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The Problem of Higher Knowledge in Hegel's Philosophy*

  • Terje Sparby (a1)

Abstract

There are two main aspects of the problem of higher knowledge in Hegel's philosophy. Firstly, how exactly does Hegel appropriate Kant's conception of higher knowledge in the shape of intellectual intuition and intuitive understanding? Secondly, how does Hegel envision the connection of higher knowledge to empirical reality? Recent attempts at answering these questions pull in opposite directions. According to Eckart Förster, Hegel claims knowledge of a supersensible reality, while others, such as James Kreines and Sally Sedgwick, deny this, focusing rather on Hegel's claims to knowledge of nature. I suggest an interpretation where Hegel makes a modest claim to supersensible knowledge but at the same time is unable to provide a satisfactory account of the connection of higher knowledge to empirical reality.1

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Footnotes

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This essay was written as a part of a research project on higher knowledge and the supersensible in German idealism, founded by the Fritz-Thyssen-Stiftung. Thanks go out to all those who commented on an earlier draft of this essay when it was presented at Tobias Rosefeldt's reserach colloquium at the Humboldt Universität zu Berlin, as well as two anonymous reviewers who helped me improve my case on specific points. All translations are my own unless otherwise specified.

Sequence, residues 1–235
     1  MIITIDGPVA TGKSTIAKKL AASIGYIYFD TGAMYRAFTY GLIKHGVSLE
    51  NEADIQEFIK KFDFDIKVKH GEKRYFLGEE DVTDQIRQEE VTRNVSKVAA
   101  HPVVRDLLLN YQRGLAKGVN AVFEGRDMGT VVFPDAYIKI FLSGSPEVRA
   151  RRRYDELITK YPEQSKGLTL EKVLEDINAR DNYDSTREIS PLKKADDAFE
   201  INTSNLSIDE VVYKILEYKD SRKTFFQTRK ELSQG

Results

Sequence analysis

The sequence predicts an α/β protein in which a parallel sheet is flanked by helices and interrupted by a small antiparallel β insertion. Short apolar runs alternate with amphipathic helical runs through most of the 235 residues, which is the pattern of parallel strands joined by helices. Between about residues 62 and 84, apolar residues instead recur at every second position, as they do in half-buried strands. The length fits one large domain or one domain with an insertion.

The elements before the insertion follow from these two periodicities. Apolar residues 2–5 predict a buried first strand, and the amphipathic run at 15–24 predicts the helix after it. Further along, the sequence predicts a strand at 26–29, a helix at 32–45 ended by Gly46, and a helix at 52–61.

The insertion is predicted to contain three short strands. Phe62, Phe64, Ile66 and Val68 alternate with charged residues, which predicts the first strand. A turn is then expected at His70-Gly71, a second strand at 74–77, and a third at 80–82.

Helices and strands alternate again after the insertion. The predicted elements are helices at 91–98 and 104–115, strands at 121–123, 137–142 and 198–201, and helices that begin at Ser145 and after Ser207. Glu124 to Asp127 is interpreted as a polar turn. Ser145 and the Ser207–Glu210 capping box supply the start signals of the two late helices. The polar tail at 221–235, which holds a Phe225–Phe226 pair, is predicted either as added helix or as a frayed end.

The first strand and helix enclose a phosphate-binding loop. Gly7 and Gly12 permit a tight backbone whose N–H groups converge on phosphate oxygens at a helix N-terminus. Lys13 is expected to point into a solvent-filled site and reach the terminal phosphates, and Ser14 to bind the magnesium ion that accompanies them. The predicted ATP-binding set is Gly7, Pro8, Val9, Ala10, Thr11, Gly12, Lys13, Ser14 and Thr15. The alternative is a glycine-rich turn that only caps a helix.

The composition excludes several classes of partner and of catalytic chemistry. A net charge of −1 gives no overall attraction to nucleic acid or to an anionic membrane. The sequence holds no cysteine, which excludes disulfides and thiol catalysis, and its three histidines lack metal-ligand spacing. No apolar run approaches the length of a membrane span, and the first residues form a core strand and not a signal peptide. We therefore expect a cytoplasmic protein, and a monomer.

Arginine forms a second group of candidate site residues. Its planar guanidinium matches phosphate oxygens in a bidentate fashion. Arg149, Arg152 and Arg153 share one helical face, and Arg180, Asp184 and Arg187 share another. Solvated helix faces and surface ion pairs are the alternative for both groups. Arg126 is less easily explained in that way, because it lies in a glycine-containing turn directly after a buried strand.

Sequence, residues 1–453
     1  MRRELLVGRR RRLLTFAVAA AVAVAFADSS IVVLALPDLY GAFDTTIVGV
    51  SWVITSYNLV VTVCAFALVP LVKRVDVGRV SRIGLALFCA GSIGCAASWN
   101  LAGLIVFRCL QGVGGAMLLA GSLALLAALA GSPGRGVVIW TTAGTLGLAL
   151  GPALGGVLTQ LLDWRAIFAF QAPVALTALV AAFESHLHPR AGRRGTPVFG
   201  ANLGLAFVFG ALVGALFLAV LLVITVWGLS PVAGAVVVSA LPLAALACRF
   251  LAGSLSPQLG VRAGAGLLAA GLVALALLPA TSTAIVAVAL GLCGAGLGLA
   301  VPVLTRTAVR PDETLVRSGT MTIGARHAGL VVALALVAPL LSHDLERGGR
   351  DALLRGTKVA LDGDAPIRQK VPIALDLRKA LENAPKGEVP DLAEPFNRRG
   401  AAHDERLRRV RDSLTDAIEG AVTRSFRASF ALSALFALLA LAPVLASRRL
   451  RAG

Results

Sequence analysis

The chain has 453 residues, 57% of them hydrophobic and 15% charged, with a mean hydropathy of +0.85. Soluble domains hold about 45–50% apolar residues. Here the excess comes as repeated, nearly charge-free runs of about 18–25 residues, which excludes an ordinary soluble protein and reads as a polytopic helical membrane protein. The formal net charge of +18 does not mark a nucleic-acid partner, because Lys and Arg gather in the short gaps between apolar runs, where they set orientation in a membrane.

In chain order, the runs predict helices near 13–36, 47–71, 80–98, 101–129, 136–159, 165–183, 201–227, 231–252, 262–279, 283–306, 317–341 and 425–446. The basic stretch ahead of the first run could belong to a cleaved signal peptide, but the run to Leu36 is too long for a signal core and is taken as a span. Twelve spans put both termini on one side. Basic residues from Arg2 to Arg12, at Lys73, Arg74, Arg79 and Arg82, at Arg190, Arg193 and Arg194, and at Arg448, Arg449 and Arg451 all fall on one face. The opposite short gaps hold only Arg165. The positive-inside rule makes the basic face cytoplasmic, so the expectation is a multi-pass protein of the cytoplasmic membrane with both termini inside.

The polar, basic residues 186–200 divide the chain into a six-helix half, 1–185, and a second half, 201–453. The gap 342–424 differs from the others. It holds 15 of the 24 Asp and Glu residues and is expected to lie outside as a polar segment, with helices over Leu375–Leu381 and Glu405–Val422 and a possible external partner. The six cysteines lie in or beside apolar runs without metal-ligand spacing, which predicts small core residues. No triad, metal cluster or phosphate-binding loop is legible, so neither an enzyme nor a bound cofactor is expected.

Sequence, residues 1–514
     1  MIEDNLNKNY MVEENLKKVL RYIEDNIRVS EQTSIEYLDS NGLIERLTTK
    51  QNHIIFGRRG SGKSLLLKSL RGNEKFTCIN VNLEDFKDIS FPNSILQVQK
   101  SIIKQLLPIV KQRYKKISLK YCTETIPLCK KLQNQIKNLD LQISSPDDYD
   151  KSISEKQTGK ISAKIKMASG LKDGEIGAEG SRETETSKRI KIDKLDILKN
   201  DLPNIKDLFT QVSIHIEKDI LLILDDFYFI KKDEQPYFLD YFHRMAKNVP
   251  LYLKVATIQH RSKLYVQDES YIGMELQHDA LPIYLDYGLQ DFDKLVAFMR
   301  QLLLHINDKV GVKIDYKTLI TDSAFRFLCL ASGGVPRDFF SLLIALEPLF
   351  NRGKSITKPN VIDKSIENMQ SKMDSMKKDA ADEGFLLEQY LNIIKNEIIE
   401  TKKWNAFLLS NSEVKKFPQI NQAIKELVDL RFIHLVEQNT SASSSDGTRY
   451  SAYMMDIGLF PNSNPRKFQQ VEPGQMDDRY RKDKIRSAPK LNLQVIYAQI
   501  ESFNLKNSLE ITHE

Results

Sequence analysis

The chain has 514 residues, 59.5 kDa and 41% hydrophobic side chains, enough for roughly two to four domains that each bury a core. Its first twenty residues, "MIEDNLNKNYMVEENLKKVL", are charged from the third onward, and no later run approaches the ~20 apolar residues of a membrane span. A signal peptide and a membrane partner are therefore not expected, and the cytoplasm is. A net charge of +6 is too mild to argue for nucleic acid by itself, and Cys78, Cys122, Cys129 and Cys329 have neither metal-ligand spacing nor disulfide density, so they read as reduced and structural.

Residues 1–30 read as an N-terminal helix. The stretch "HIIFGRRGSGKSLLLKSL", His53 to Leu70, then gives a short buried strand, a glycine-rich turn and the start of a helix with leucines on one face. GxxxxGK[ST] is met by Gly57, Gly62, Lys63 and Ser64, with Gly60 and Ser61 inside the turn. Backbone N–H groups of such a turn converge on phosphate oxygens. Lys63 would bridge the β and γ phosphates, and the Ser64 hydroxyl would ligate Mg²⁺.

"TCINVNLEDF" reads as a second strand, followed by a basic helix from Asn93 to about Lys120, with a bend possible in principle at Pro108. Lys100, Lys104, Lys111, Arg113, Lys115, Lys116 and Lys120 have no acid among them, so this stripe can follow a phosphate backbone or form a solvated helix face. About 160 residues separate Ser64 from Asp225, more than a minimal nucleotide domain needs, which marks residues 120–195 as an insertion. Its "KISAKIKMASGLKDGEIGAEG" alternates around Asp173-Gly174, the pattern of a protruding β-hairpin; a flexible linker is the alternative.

Footnotes

References

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Allison, H. (2004), Kant's Transcendental Idealism. New Haven: Yale University Press.
Beiser, F. C. (2005), Hegel. New York: Routledge.
Förster, E. (2002), ‘Die Bedeutung von §§76, 77 der Kritik der Urteilskraft für die Entwicklung der nachkantischen Philosophie’, Zeitschrift für philosophische Forschung 56(2), 177n10.
Förster, E. (2012), Die 25 Jahre der Philosophie. Frankfurt am Main: Klostermann.
Fulda, (2004), ‘Hegels Logik der Idee und ihre epistemologische Bedeutung’, in C. Halbig, M. Quante, L. Siep (eds.), Hegels Erbe. Frankfurt am Main: Suhrkamp Verlag.
Gabriel, M. (2011), Transcendental ontology. Essays in German idealism. New York: Continuum.
Hegel, G. W. F. (1991), The Encyclopedia Logic. Indianapolis: Hackett.
Houlgate, S. (2007), German Idealism. Contemporary Perspectives. London: Routledge.
Houlgate, S. (ed.) (1998), Hegel and the Philosophy of Nature, Albany: State Univesity of New York Press.
Kreines, J. (2007), ‘Between the Bounds of Experience and Divine Intuition: Kant's Epistemic Limits and Hegel's Ambitions’, Inquiry: An Interdisciplinary Journal of Philosophy 50(3), 307f.
Kreines, J. (2008), ‘Metaphysics without Pre-Critical Monism: Hegel on Lower-Level Natural Kinds and the Structure of Reality’, Bulletin of the Hegel Society of Great Britain 57/58, 5.
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Longuenesse, B. (2000), ‘Point of view of man or knowledge of god’, in S. Sedgwick (ed.), The Reception of Kant's Critical Philosophy. Fichte, Schelling, and Hegel. Cambridge: Cambridge University Press.
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Schäfer, R. (2001), Die Dialektik und ihre besondere Formen in Hegels Logik. Hamburg: Felix Meiner Verlag.
Sedgwick, S. (2012), Hegel's Critique of Kant. Oxford: Oxford University Press.
Songsuk Hahn, S. (2007), Contradiction in Motion: Hegel's Organic Concept of Life and Value. Othaca: Cornell University Press.
Westphal, K. (2003), Hegel's Epistemology. Indianapolis: Hackett Publishing Company.
Wildenauer, M. (2004), Epistemologie des freien Denkens. Die logische Idee in Hegels Philosophie des endlichen Geistes. Hamburg: Felix Meiner Verlag.
Wolfgang, J. (2009), Die dreifache Vollendung des Deutschen Idealismus. Amsterdam: Rodopi.

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